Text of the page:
Some Advice on Making Your Own Face Masks

I spent the day making face masks. Despite what WHO and the CDC have been saying, face masks can significantly reduce your likelihood of contracting COVID-19 or any other virus. There are decades of research to prove it, especially since SARS, MER, and Swine Flu. We know it’s about viral load — we may all get this sooner-or-later, but it’s better later (to not overburden the health care system) and it’s better if we get it from a smaller load (symptoms will likely be less severe).

For example: “Professional and Home-Made Face Masks Reduce Exposure to Respiratory Infections among the General Population” — Any type of general mask use is likely to decrease viral exposure and infection risk on a population level, in spite of imperfect fit and imperfect adherence, personal respirators providing most protection.

My resized version
Pattern at

I found several free sewing sites with patterns. The easiest for me was at Sarah Maker. This is a pattern for a rectangle that you add elastic for the ears and pleats for the face. The original pattern was huge, too big for even my husband’s face. I cut the pattern down by 2 inches, and got a mask that works well. It’s an easy pattern. The second one went in about 30 minutes, but the whole process took me a couple of hours because I had to relearn my machine. I haven’t used it in two years.

Then my mother showed me a DIY bandana mask going around on Facebook. (I don’t do FB.) I watched the video. You fold a standard bandana into fourths, loop rubber bands on the ends — “ponytail” she called it, then fold it and tuck it. Works well, except it is enormously bunchy. So I cut the bandana in half, sewed it inside-out, reversed it, and made the bandana face mask fit better. Plus, I added a pipe cleaner inside to pinch over the nose. The more seal, the better protection. Rubber bands are problematic–too loose, too tight, too weak. You’ll need a variety pack to find ones that work for everybody in your house.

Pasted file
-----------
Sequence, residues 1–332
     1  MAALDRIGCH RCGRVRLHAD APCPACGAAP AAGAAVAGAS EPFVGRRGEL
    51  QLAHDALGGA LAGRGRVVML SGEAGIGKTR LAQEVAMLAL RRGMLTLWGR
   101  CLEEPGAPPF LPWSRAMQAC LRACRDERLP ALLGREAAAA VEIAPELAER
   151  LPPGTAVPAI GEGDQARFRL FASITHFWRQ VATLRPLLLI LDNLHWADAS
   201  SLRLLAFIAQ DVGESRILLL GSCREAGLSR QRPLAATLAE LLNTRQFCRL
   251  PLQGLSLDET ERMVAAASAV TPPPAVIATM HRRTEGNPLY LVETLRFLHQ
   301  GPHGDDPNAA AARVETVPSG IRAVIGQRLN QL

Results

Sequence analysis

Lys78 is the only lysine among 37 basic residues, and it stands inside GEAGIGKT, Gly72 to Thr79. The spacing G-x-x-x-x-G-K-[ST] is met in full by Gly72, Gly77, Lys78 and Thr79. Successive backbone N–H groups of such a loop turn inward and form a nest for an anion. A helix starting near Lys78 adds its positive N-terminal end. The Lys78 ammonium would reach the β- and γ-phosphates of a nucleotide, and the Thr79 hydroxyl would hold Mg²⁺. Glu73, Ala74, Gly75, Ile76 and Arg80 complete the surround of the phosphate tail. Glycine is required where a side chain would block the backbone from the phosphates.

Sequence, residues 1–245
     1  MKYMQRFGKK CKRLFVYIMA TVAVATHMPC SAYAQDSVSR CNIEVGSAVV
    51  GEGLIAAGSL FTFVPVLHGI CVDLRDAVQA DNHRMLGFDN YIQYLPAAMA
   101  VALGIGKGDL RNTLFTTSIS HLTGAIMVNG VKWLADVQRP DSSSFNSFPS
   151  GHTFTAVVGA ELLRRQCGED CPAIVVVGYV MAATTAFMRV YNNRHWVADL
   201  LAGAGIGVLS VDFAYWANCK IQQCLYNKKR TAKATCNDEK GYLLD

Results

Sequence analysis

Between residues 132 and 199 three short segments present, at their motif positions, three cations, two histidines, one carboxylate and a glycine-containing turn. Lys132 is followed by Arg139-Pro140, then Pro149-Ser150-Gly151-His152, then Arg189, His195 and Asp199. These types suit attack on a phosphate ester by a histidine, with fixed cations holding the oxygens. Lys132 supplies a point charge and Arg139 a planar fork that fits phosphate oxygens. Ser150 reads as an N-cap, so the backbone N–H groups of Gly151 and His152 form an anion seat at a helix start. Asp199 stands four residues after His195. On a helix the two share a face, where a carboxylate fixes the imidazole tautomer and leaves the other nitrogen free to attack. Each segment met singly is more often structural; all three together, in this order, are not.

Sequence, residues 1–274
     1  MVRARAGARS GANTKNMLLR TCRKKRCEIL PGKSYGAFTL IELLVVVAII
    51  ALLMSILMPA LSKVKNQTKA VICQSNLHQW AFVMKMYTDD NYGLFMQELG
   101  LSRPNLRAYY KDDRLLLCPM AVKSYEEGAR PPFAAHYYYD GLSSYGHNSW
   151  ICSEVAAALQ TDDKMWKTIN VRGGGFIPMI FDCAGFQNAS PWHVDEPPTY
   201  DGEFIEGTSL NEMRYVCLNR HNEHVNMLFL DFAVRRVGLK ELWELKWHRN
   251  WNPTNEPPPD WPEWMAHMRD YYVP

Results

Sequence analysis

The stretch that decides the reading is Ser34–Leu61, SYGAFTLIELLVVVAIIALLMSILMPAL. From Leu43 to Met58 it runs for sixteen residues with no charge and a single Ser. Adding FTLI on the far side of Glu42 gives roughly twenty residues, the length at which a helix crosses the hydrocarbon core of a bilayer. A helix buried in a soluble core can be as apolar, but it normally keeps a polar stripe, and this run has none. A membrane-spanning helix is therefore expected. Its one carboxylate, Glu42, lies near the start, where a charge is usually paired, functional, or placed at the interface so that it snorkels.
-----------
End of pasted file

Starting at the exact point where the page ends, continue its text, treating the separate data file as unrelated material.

No pipecleaner
With pipecleaner over the nose

I had tried the surgical masks with various material suggested by different sites: pillow case, t-shirt, kitchen towel.

  • The pillow case was too thin and didn’t hold my stitches well. You have some tugging going on in reversing it, and you’ll be tugging to put it on and washing it in a machine, so make it sturdy.
  • The t-shirt was too stretchy. Not easy for my level of skill.
  • The kitchen towel was too thick, not something anyone would keep on long.
  • The bandanas were just right! Super soft, especially the oldest ones. No stretch, and the four layers across your face will be good protection.

So…don’t touch the face part of the mask after you put it on because that’s where the virus is. Use the rubber bands. Wash the masks after use. maintain social distancing and washing hands. The mask does NOT mean it’s okay to quit the basics we’ve already been doing.

I made two masks from each bandana. Throw them in the wash each day so clean ones are around for the family. The pipecleaner is inserted, so the color doesn’t matter LOL. The pleated masks were my completed projects from It’s a good pattern just time consuming for my level of skill. I wanted to have 3-4 masks clean at all times.